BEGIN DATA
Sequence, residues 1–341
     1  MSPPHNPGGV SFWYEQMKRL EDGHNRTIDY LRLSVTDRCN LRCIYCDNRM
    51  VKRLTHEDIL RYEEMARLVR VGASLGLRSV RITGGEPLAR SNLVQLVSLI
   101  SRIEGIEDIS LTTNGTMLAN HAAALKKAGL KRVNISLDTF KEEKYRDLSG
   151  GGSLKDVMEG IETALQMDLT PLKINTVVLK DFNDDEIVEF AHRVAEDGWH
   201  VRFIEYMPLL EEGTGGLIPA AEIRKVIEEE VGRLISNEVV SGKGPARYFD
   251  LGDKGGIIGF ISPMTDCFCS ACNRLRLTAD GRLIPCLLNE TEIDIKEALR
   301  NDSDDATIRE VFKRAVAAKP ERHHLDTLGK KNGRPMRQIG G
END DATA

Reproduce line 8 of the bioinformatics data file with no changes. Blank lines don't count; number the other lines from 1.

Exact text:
   301  NDSDDATIRE VFKRAVAAKP ERHHLDTLGK KNGRPMRQIG G